Potential investors eager to take a bite out of the budding medical cannabis industry are one step closer to doing so in Barbados.
In fact, Attorney General Dale Marshall announced on Sunday that the way has now been paved for the industry to be developed here with the new law to be debated later this month, and a new authority to be established in a matter of weeks to start issuing licences.
Though he did not give details of the planned authority, Marshall insisted that Barbados was not late in entering the growing industry since it was best to get it “right” than to hurry and get it wrong.
“I don’t think we are coming to the dining table too late,” Marshall told journalists at the annual general meeting of the Barbados Association of Journalists and Media Workers (BARJAM) held at the Argentine Embassy.
“I think we are getting where we need to be. So by the 30th we will have the authority up and we will be able to start issuing licences to people who bring in applications,” Marshall announced.
Acknowledging that other countries have allowed sacramental use of cannabis, the Attorney General also disclosed that lawmakers here were meeting with relevant stakeholders to make that determination.
“We have had meetings with members of the Rastafarian community to discuss exactly that, but the problem with sacramental use is it doesn’t fall within the exemptions of the treaty,” he said.
“Our big issue is always going to be the feeling that if you can use marijuana for medicine you could also use it for recreation,” he added.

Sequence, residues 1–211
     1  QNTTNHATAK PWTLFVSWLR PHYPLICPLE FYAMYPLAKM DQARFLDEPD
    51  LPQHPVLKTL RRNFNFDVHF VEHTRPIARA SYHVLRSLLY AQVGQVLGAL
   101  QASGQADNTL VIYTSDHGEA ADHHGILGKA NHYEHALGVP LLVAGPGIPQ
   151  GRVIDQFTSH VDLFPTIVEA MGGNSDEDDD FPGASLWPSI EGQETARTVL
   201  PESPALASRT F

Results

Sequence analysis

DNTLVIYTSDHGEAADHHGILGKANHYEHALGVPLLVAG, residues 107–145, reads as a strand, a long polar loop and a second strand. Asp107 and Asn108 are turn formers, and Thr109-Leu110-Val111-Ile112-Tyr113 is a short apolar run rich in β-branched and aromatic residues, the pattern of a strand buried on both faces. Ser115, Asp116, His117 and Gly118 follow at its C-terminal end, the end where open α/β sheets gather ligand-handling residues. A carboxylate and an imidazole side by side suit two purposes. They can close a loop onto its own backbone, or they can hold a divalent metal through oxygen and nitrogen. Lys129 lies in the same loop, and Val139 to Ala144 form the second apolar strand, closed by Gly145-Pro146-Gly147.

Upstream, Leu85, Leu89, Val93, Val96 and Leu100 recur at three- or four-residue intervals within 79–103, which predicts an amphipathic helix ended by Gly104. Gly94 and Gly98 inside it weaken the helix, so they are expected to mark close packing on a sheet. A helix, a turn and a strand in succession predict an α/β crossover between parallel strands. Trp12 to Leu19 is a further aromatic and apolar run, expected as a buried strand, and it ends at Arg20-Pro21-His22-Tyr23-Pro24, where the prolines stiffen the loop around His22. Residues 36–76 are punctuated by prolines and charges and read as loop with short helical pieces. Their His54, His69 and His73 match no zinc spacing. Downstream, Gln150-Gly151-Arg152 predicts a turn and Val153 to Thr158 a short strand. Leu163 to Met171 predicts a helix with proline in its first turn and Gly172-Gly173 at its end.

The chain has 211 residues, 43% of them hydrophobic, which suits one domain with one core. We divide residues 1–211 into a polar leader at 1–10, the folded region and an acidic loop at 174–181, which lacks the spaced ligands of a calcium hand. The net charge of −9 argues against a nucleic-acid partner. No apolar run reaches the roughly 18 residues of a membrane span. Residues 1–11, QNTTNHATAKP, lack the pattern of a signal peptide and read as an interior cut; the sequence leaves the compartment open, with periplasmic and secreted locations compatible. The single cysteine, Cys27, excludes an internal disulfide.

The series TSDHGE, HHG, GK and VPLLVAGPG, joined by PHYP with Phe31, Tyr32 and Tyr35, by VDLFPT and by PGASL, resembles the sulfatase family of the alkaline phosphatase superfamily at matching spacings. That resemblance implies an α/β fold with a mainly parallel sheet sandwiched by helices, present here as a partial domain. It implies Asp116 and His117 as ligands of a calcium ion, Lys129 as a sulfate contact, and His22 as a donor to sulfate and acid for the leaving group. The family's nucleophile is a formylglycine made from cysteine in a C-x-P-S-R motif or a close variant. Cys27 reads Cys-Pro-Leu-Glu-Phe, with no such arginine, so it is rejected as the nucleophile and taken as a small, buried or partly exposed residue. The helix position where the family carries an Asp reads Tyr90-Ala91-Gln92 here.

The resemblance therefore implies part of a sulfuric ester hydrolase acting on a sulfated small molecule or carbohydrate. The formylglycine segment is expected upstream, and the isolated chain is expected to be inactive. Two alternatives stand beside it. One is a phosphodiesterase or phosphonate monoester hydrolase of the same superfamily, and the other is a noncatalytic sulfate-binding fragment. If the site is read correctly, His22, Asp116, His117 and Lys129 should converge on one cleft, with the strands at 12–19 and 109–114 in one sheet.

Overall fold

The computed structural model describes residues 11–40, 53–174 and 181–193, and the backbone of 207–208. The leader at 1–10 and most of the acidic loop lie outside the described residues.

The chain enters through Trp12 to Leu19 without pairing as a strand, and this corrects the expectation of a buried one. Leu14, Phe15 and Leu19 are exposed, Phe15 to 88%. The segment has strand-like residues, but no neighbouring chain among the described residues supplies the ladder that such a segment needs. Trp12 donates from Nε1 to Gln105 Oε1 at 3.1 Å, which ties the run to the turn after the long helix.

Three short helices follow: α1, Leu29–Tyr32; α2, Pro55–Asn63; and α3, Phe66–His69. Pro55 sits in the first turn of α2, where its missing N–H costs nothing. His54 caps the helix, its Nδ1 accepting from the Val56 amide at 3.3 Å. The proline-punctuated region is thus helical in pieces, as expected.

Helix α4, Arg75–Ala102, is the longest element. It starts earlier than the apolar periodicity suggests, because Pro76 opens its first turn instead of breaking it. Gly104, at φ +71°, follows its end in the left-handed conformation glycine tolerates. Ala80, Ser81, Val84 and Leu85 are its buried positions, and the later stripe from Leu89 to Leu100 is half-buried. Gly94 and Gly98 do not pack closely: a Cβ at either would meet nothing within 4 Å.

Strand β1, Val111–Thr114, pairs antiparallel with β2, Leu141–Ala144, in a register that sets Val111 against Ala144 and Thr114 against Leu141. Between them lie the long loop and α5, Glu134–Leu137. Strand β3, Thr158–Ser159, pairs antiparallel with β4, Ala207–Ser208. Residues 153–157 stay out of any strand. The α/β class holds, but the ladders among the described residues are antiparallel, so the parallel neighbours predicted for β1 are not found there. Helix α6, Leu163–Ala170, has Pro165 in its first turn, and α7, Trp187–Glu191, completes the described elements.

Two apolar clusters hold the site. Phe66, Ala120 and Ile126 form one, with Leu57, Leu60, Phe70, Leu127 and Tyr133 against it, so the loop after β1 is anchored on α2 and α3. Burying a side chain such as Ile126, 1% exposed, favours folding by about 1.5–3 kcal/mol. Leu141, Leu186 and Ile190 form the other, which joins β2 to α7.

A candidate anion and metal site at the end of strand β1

Marshall explained that Barbados was a signatory to the Single Convention on Narcotic Drugs, which allows for the use of “what would normally be illegal drugs” to be used either for medical or scientific purposes, and therefore recreational use was off the table unless done through a referendum.
Shortly after coming to office at the end of May 2018, the Barbados Labour Pary Government announced that it would be establishing a medical cannabis industry here. And two months ago authorities announced the addition of five marijuana-based drugs to be added to the local drug formulary, a first step towards achieving this.
However, Government has reiterated that when it comes to legalization of the weed for recreational use, there would be a referendum.
Insisting that the medical cannabis industry had “some potential” for Barbados and Government was committed to developing it, Marshall said the Medical Cannabis Bill would be laid in Parliament this week and debated later this month.
The Attorney General said he was not concerned about Barbados’ timing in getting involved in the industry, pointing out that while other regional economies have already gone ahead with implementation plans, Barbados’ approach would be different and it was more about “going where the science takes us”.
“We are not afraid for Barbados to be an innovator once more. Anybody who was born before 1965 will know that Barbados used to be the place in the world that developed the best strain of sugar cane. There is no reason we can’t apply those exact sciences in trying to develop strains of marijuana that do exactly what you need to do,” said Marshall.
So far, Jamaica, Antigua and Barbuda and St Vincent and the Grenadines, St Kitts and Nevis and the U.S Virgin Islands have either announced plans or have introduced laws to govern the cultivation of a cannabis industry.
Marshall said Barbados would be placing heavy emphasis on “specialized and computerized farms using greenhouses” when producing the cannabis plant for medical purposes.
“There are some people who will want to do it the traditional way and more power to them. The problem with doing it in the greenhouses is going to be the cost of the investment because greenhouses will take a lot of electricity. Hopefully we will be able to attract local and foreign investment for the greenhouses,” said Marshall. firstname.lastname@example.org